In my City Talk column today in the Savannah Morning News, I write about the depressing news that the large vacant lot at the corner of Drayton and Charlton appears destined to be a surface parking lot for the nearby Andrew Low House.
I say in part:
Surface parking lots are among the worst uses of urban space.
They tend to rend the residential and retail fabric. They repel pedestrians. They generally generate far less economic activity than more intense uses. They create heat islands. They contribute to problems with drainage and polluted stormwater runoff.
When they’re owned by governments or nonprofit organizations, surface lots take significant chunks of land off the tax rolls.
And they’re ugly.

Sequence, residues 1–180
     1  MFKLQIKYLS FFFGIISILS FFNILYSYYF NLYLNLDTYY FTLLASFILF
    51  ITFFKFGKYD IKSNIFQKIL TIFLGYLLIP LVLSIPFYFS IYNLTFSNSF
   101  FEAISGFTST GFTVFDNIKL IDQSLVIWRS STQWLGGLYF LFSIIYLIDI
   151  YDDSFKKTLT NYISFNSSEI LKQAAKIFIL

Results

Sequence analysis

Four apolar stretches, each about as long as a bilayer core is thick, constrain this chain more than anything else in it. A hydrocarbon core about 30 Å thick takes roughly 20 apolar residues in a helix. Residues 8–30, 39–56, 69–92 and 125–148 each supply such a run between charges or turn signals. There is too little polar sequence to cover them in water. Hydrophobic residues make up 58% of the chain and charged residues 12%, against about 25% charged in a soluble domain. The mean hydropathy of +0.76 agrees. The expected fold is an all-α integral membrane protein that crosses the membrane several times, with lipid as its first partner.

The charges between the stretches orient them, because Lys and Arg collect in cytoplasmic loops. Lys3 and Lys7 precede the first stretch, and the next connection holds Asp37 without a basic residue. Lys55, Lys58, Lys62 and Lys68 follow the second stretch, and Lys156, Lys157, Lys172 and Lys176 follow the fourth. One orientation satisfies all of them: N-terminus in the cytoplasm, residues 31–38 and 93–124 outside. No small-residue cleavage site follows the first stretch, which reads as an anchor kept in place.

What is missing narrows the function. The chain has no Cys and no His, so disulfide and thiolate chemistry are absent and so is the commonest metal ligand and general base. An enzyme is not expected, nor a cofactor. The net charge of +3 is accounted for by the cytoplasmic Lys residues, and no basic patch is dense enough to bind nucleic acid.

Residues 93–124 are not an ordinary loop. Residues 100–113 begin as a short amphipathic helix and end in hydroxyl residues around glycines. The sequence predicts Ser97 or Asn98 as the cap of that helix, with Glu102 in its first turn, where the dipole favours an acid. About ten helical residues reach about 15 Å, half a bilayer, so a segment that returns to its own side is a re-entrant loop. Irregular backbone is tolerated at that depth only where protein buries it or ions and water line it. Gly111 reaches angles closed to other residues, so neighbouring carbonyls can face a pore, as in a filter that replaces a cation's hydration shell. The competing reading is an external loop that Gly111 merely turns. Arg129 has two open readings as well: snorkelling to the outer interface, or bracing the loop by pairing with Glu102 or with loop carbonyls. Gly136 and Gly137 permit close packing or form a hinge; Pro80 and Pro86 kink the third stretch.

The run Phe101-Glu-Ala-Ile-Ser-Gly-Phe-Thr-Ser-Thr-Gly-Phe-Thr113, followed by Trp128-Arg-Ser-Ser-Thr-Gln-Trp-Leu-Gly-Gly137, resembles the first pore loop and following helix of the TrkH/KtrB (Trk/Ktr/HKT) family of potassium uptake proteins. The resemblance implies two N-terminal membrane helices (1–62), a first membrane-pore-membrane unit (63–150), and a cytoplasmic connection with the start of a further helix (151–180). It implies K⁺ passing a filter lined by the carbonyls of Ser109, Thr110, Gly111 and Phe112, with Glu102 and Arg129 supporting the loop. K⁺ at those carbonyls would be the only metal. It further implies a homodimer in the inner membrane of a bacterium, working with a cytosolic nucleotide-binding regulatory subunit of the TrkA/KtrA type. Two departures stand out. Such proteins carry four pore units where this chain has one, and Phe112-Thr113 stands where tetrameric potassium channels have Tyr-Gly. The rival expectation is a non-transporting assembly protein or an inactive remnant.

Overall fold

I had hoped that surface parking lots would slowly be whittled out of the Historic District, but depressed land values have apparently raised the odds that organizations with the most cash and with no fear of property taxes — governments, churches, and other nonprofits — might degrade the urban fabric with more surface lots.
A few pics and comments:
In my dream world, the churches and other organizations that own these lots — which are essentially blight — would step up to the plate and make them look better. And, down the road, they would recognize that these lots and all those like them are detriments to the urban fabric.